The End (But Not Really).

We hugged Bob and Bebe goodbye and came back into the house. I filled the tub with hot water and rested motionless in a bath for some time, only my eyes and nose above water, my hair floating around my head, ears full of a deep, muffled nothingness, while something like this (see video) passed through my mind. After a good sob and an even better scrubbing, I hopped out onto the dense bleached-white rug with bare feet, wrapped myself in a thick, oversized towel, and sighed. Walking out of the bathroom, my hand grazed the wall-plate (with its three oddly arranged switches) to turn off the light in the natural way that only the master of a house would know. And in that humbled manner with which the cradle of the heart has a way of responding, the truth of the moment was tangible: We were, finally, home.



After over 10,000 miles of travel all within the state of Alaska over the last six months, we're back in Charleston. Jim starts a 4-year oral surgery residency in just four days. Our wonderful parents picked us up at the airport and welcomed us to our home which they had cleaned and stocked full of food. The contents of the fridge were almost too much to bear: real milk (we've only had shelf-stable since last December), eggs, chips and hot sauce, Sarah's favorite pickles, Publix sandwich meat and cheese, cokes, fresh fruits and vegetables, slice-and-bake cookies. It felt like the final scene in Miracle on 34th Street, when the little girl has wished for a house and she gets it, table set for Christmas dinner and gifts under the tree. And you know what the best part is? When it runs out, we'll go to the store and get more. We couldn't have asked for a better homecoming, and we're so thankful.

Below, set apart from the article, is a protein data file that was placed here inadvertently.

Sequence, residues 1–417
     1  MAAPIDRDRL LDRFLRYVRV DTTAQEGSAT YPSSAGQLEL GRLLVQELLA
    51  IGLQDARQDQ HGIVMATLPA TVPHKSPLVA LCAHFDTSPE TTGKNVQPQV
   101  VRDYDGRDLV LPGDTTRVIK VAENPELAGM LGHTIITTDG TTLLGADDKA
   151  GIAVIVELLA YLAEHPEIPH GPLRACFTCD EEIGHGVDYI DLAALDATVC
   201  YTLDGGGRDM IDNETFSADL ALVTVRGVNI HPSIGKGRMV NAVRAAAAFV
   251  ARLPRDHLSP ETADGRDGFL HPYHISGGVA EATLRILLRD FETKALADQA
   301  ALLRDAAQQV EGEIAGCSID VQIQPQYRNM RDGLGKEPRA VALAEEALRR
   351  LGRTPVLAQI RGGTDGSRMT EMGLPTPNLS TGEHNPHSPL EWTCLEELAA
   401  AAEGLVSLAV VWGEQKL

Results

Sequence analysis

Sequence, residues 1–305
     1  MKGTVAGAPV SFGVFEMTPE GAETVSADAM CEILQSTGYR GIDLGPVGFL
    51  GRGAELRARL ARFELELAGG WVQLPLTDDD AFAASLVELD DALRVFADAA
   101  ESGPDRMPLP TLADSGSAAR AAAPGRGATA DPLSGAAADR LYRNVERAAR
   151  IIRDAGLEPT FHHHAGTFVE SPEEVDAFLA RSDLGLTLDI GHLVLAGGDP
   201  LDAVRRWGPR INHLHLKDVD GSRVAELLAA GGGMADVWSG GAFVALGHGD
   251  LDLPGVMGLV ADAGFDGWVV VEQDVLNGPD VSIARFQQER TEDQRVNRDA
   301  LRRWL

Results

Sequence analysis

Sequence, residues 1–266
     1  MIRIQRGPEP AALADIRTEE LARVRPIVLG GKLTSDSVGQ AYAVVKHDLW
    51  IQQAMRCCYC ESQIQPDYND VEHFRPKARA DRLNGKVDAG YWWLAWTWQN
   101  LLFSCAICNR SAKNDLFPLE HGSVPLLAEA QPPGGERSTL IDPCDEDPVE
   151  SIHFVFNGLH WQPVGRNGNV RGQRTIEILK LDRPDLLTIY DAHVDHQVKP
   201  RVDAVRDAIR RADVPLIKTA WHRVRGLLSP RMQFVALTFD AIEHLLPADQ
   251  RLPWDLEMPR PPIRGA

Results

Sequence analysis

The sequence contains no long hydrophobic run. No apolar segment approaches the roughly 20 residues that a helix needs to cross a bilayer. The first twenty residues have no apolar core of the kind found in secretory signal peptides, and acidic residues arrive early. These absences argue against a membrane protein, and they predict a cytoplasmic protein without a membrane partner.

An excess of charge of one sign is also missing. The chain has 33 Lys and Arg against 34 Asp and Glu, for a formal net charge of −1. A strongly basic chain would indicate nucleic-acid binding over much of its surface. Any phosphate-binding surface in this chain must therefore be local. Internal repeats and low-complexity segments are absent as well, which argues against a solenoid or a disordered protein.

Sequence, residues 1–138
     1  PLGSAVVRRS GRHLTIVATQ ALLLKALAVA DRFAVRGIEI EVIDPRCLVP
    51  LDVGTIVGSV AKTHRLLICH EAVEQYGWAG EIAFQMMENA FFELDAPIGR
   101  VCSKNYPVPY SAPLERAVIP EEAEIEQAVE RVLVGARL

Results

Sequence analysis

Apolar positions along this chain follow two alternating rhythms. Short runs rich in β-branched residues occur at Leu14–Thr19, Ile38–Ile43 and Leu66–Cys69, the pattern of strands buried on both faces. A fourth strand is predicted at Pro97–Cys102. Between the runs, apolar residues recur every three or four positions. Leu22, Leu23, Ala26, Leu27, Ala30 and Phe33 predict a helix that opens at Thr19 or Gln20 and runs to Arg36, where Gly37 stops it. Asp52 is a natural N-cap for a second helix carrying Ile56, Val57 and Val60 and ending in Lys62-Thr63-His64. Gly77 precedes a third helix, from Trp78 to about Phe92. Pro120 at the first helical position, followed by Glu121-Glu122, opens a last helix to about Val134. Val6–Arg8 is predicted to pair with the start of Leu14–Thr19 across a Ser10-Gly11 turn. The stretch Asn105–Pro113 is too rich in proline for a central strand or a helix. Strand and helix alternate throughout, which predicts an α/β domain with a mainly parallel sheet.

Our Two Favorite Grills (4,521 miles apart)

We checked our bags in Anchorage and took a cab to Bear Tooth Grill for one last plate of nachos before an all night flight to the east coast.

Bob and Bebe picked us up at the airport and took us to Hominy Grill in downtown Charleston for breakfast, 9 hours later.

A Five Minute Walk

Anchorage. Transporting our stuff from South to North terminal (Alaska Airlines to Delta). "Nah, we don't need to take the shuttle. The guy said it was only a five minute walk." This was after we asked a homeless man for directions, trudged through a construction site, and dumped the whole cart of luggage in the middle of a crosswalk.


We got to ride on the 95 foot-long Hovercraft from King Cove to Cold Bay, where a short flight took us to Sand Point. The Suna-x cost $8.8 million to build and has a primary purpose of medevac-ing people to Cold Bay for a flight to Anchorage. It hovers about 5 feet above the surface of the water and can reach speeds of 75 mph.

We saw seven bears on the 30 minute ride from King Cove to Cold Bay.

"In The Loop" Article

Laughing Gas

Jim did some dental work on me this weekend (replaced amalgams with composite, filled a new cavity, buffed the leftover orthodontics glue from my teeth [we left Naples in a hurry]), and I have such a problem with sensitivity, he had to numb the whole mouth just to clean my teeth. All said and done, there were 11 lidocaine injections, leaving me with the feeling that I had a huge clown face drawn on (see video). Incidentally, there was no laughing gas involved.